The Routine of Military Life
An "Officers' Mess" in the Crimea
The Newfoundlander, 25 January 1855
The correspondent of the Morning Post gives the following account of military life in the camp:—
"Let me briefly tell you how the day is passed. Early in the morning, generally at half-past four, there is a scraping at the tent door, and a voice is heard, "Signoir alzate, vi prego, in cafe a pronto," to which a lisping voice responds, "What Thpero, it ith'nt five, thurely?'…'Si, signoir, vbicino a'le cinque,' cries the faithful old idiot (our best servants have been in lunatic asylums), and the British officer is soon up and doing, his coffee is drunk, biscuit and pork are consumed, a wallet is thrown across the shoulder, containing provender for the day, and a flask of rum; the sword is girt on, and away goes out companion to the trenches, there to remain until 6 p.m., leaving us to snooze away until the sun has afforded us a cheering supply of light and heat, when we rise from our bed of blankets, and, having drunk in pure air during the night, rush to breakfast with ravenous appetites.
The breakfast table, made of two pieces of plank, nailed upon four stakes, is covered with tin spoons, tin pots, tin plates, tin canisters, and all those little tin articles for salt, pepper, &c., so well known to campaigners; and when we are seated, waiting anxiously, like hungry coach travellers of old, in comes a fine-faced finger-begrimed soldier, with a large supply of fried pork or beef frizzling from a black frying-pan in one hand, and in the other hand a cargo of soaked biscuit which, to give it flavour, has been baked in the fat of ration pork; this, with now and then a potato, or onion for a change, and a cup or two of coffee, forms our breakfast.
The pipe, that indispensable friend of the soldier in the field, follows every meal pour exciter la digestion; rud [sic] after it, should no duty (rare occurrence) call us away, each employs himself as inclination prompts; but the soldier can never be certain of a moment's quiet, for, not seldom when an affectionate son has settled himself expressly to soothe the anxiety of a worthy parent, an officer is seen pacing over from the commandant's tent. The scribe looks at him with awe, and, as he approaches, asks breathlessly, 'For whom are you looking?' to which the dreaded answer is given. 'You are the man for me, sir. The colonel wants you to take half a brigade of Sappers, and go to complete the cutting in the Inkerman road; it has not, he considers, been thoroughly done.' Of course, go the subaltern must and without a moment's delay, and at the road he is engaged until sunset, with his clothes drenched with rain, and rum and ration pork his best friends.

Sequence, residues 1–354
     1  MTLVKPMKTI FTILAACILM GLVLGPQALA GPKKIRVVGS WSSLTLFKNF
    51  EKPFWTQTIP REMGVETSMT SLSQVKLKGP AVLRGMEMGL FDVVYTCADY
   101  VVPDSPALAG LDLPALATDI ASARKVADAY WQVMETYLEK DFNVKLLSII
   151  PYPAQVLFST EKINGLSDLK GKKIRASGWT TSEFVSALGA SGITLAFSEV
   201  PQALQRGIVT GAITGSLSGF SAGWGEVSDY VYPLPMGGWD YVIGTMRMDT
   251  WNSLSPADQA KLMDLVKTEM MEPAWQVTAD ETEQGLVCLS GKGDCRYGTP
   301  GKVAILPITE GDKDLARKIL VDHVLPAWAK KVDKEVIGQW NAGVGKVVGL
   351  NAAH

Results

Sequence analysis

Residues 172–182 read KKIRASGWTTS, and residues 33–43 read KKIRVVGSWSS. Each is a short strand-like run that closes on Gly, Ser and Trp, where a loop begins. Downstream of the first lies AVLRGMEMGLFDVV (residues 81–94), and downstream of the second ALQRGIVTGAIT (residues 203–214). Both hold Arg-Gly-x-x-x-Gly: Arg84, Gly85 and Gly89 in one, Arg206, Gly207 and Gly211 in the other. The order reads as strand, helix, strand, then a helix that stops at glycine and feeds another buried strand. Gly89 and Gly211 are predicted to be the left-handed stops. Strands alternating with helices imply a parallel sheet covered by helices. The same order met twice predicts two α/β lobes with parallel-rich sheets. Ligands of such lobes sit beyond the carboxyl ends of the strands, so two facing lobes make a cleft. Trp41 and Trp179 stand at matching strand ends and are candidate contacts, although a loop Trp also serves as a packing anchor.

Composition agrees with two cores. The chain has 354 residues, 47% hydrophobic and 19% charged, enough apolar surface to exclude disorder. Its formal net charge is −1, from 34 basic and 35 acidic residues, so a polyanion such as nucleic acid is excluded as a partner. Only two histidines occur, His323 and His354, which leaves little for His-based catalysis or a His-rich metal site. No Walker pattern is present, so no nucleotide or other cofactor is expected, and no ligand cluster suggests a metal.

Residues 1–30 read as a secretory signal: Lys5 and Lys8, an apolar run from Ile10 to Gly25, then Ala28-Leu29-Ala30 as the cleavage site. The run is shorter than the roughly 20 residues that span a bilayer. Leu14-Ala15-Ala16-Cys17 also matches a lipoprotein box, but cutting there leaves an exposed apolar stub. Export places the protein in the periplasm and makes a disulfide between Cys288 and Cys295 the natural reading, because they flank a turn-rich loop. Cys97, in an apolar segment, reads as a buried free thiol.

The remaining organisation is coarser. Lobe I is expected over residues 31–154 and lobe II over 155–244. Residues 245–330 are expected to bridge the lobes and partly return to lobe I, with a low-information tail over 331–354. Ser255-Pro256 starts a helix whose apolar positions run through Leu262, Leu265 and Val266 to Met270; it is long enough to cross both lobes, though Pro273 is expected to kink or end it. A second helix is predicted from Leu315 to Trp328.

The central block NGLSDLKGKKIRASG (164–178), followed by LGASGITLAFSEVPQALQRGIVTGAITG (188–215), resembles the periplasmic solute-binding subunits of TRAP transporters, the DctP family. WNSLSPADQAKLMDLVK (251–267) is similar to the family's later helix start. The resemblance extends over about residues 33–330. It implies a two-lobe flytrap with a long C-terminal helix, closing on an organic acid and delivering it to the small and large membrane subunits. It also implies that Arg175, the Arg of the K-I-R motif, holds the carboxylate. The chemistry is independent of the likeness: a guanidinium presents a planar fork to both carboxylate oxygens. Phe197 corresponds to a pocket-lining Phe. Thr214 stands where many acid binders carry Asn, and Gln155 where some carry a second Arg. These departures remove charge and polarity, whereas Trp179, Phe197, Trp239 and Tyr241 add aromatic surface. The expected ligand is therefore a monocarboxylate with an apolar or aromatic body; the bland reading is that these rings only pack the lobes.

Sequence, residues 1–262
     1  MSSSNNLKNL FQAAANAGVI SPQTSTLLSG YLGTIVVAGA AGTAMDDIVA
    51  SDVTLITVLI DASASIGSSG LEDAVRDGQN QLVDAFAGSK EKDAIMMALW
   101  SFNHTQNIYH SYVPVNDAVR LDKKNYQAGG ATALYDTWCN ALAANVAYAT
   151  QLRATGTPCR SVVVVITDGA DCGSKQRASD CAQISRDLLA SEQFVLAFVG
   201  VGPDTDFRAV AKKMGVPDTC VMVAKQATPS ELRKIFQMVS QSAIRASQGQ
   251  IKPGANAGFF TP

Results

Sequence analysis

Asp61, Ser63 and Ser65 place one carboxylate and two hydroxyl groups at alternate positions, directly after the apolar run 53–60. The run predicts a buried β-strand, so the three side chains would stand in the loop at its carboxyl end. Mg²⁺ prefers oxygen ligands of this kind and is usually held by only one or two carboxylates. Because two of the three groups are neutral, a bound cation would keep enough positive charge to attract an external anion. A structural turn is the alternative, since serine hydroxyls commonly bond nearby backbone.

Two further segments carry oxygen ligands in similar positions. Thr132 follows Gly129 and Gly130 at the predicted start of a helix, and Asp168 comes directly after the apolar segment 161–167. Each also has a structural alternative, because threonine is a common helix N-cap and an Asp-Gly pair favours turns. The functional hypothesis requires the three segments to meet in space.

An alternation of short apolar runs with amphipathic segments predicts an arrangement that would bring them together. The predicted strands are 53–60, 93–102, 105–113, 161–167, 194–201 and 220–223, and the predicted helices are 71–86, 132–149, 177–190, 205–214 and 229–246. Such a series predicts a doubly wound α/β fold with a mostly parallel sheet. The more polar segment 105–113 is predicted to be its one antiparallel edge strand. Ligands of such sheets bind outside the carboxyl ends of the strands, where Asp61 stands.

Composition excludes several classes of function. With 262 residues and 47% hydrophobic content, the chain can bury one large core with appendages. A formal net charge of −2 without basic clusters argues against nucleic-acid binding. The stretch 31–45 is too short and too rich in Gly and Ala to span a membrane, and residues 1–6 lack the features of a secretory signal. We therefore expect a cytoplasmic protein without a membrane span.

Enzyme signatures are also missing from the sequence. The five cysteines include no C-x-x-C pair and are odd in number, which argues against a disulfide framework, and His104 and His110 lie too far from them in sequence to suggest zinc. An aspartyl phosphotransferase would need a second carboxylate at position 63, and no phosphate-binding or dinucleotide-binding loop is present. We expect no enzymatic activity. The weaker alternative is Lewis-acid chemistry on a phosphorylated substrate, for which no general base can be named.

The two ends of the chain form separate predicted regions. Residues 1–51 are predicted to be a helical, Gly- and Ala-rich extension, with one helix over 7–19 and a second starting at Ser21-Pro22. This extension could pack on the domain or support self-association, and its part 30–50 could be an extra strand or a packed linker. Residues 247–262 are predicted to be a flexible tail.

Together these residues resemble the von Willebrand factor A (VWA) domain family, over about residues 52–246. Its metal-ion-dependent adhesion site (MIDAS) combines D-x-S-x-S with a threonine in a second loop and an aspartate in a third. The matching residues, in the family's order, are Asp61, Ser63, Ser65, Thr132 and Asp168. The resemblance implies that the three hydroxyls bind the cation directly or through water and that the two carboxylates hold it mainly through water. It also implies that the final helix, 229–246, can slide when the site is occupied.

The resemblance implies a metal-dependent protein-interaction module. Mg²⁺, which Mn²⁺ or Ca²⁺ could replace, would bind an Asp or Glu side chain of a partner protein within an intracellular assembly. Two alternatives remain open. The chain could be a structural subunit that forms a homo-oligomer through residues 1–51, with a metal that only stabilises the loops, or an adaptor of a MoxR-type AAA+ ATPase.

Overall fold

Our regular dinner hour is three, and as we have a mess of five, ours is strictly military time. As to what we get for dinner, that depends very much upon circumstances, but we generally have a good meal, as we go upon the principle that the best preserver of health under our sharp trials of constitution is good and regular food, and therefore that it is wiser to have a well-supported body rather than a richly supplied purse; and what laughing and joking is there over the reeking camp-kettle! One is accused of taking all the meat, another of forgetting that the delicacies of the season cost money; a third is placed under arrest for consuming more than his ration of grog; indeed, each in his turn is voted a robber of his neighbour and all that with such perfect good humour, that we are like the family in Trafalgar-square, for the slightest disagreement is unknown to us. When the dinner is over; and the ration coffee (far from bad) in tavola, a voice is heard in the distance, 'Thpero, puth the dinner ready, for I cannot thwait—I'm ravenous,' Spero knows well the voice and the order, and at once exclaims—'Momento, Signior, moment! Pranzo subito, subito!' and with lightning speed the pot reappears, and right good pranzo the man of the trencher makes. In truth, pure air works wonders upon the dyspeptic stomachs, and, with us even the hypochondriac finds himself hungry; imagine, then, how an officer just in from the open air, one who has never known a day's sickness, how he eats and drinks; yes, and as he enjoys his food, thanks God for his mercy. By the time the last dinner course is over, darkness has well set in; then it is that we all gather beneath the canvas and talk over the occurrences of the day—and very pleasant chats they are, save when the loss of some officer causes a damp to come over us all."